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Marcel Kittel (Argos-Shimano) elated to take a win on the Champs-Elysees
German wins fourth stage of Tour
The dusk finale on the Champs-Élysées provided a stirring backdrop for the last prize fight down for decision at the 2013 Tour de France as Marcel Kittel (Argos-Shimano) confirmed his status as the fastest man in the race by seeing off André Greipel (Lotto Belisol) and Mark Cavendish (Omega Pharma-QuickStep) in the bunch sprint.
It was Kittel’s fourth stage win of the Tour and it was the third time that he has beaten Cavendish in the sprint over the past three weeks. For his part, Cavendish ends the Tour with two stage victories, his lowest total since he began amassing his current running tally of 25 back in 2008.
Cavendish was generous in his praise of Kittel after he lost out to the German in Tours during week two, describing him afterwards as the “next superstar” of sprinting. While Kittel attested to the mutual respect between the pair, there was no quarter asked or given on the Champs-Élysées, where Cavendish was defending an unbeaten record of four wins from four attempts.
“I was already hungry before today but it’s always nice to get such compliments from a sprinter like Mark,” Kittel said. “He’s a nice guy and he actually said good luck to me before the sprint today and I like that way of having a sporting competition.”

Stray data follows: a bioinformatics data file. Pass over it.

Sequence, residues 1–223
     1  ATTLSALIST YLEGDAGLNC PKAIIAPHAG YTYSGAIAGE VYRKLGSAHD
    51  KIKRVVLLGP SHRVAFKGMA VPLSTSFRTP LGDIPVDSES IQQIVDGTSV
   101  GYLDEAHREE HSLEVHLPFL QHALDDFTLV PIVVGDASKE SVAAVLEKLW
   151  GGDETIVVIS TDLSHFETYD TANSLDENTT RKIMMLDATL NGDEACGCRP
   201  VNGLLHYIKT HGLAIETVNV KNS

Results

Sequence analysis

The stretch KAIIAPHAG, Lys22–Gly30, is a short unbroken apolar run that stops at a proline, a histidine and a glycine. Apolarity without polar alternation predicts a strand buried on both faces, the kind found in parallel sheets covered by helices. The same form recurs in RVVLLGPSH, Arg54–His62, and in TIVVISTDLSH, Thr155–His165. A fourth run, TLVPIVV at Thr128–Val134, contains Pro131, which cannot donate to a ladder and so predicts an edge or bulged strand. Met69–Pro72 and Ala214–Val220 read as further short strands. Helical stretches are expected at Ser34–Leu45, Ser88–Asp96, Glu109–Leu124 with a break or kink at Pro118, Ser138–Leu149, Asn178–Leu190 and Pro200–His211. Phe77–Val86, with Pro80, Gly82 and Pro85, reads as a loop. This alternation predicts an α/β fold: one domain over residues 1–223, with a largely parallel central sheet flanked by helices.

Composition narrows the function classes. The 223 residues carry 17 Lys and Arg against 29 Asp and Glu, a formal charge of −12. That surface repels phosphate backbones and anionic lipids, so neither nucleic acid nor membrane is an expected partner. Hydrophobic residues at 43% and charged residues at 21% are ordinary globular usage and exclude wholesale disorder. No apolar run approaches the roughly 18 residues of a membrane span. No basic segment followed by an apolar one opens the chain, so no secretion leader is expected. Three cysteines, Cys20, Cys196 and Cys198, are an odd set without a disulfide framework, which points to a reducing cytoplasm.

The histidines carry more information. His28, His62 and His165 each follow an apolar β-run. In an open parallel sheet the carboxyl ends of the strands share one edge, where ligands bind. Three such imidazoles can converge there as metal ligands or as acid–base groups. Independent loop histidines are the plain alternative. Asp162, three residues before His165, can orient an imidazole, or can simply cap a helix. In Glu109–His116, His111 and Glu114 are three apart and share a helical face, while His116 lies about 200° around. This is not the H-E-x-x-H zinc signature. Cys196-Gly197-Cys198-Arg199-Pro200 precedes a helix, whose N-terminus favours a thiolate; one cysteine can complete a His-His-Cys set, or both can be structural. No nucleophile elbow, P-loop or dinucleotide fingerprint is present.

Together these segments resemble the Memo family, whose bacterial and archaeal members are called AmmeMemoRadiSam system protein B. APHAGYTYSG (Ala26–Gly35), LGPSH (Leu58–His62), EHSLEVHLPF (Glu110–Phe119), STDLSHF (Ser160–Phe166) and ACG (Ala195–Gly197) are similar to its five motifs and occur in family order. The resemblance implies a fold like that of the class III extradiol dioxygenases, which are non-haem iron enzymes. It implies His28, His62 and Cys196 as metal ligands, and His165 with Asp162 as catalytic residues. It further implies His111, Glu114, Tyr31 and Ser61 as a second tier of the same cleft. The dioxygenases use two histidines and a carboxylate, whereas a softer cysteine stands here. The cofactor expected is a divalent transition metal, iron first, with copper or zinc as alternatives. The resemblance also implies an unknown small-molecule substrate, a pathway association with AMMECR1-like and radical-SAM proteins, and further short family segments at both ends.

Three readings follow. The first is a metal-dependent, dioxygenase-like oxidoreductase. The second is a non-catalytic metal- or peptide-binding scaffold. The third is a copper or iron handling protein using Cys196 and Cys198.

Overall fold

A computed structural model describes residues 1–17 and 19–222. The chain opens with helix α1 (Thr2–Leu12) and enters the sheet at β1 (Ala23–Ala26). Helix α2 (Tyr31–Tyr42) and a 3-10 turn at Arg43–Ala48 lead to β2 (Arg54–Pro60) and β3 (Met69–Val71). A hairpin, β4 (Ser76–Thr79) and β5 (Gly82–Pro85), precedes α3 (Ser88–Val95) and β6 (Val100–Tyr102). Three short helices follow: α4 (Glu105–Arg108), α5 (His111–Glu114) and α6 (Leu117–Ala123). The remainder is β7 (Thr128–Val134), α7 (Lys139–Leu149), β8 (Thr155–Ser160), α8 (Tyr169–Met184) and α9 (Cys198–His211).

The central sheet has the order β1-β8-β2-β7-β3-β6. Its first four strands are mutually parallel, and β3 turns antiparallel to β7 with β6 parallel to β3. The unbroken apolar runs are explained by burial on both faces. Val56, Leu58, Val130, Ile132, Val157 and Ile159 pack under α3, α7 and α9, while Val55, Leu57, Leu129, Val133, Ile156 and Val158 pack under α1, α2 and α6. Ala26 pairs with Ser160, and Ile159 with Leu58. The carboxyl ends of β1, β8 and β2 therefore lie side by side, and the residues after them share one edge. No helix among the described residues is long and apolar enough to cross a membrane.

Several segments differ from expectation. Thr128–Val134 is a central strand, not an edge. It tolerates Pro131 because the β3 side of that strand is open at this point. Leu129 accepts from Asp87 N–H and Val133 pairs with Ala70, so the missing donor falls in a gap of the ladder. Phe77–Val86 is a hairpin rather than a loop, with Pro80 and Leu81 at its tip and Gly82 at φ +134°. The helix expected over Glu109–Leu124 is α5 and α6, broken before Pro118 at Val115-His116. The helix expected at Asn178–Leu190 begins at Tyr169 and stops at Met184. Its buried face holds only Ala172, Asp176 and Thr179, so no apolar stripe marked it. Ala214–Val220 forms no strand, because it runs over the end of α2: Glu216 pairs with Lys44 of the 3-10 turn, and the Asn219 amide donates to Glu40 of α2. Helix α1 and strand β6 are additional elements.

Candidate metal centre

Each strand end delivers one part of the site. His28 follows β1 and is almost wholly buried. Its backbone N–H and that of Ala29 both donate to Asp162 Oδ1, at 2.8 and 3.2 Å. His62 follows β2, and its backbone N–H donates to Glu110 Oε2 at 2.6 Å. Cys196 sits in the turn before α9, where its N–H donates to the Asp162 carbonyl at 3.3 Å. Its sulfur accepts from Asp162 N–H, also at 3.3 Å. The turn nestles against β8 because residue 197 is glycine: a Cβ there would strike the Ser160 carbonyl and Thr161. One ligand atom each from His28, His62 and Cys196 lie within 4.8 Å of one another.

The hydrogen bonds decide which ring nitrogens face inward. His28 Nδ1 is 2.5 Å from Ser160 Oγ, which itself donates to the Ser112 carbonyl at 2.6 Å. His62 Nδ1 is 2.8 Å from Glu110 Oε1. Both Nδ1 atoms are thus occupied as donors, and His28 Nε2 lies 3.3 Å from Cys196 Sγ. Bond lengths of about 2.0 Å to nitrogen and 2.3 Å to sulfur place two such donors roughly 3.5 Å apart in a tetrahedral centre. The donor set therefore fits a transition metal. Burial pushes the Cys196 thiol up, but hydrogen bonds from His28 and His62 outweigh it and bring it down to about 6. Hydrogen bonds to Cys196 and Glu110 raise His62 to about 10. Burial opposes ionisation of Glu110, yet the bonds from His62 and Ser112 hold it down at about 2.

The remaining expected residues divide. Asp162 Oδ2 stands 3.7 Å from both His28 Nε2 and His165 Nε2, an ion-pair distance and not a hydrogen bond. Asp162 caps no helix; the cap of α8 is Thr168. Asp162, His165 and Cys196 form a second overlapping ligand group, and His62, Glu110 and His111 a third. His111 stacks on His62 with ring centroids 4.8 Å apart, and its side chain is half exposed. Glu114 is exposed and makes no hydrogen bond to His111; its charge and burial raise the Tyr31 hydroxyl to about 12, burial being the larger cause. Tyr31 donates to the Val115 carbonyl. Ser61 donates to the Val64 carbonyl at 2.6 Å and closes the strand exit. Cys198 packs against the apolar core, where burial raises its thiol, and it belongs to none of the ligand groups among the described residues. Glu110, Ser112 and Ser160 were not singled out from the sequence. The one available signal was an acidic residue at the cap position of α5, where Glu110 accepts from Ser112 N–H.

The sprint was a fiercely contested affair, and while the Omega Pharma-QuickStep’s Matteo Trentin led under the red kite, it was the Argos-Shimano train that led into the finishing straight. 250 metres from home, Kittel powered his way clear and while Cavendish and Greipel battled to get back on terms, they had no answer to the sheer force of the Argos-Shimano rider.
“For a lot of riders it’s a tour d’honneur – a lap of honour – but for me and the sprinters it was the last big goal of the Tour de France. I was really nervous and really concentrated, but my team worked very hard for me and it all paid off,” Kittel said.
Kittel’s haul of four stage wins is the most by a German in a single Tour since Dietrich Thurau claimed five in 1977, but he admitted afterwards that the historical resonance of his triumph had not registered. “It’s nice to know that, but for me it was just a goal to win as many sprints at this Tour as I could. I’m just very proud of what I’ve achieved here.”
The natural progression for a sprinter of Kittel’s quality is a concerted tilt at the points classification, perhaps next year, but on Sunday evening, he was content simply to enjoy the spoils of the campaign just passed. “It’s still 2013, I don’t have any thoughts about that at the moment,” he said.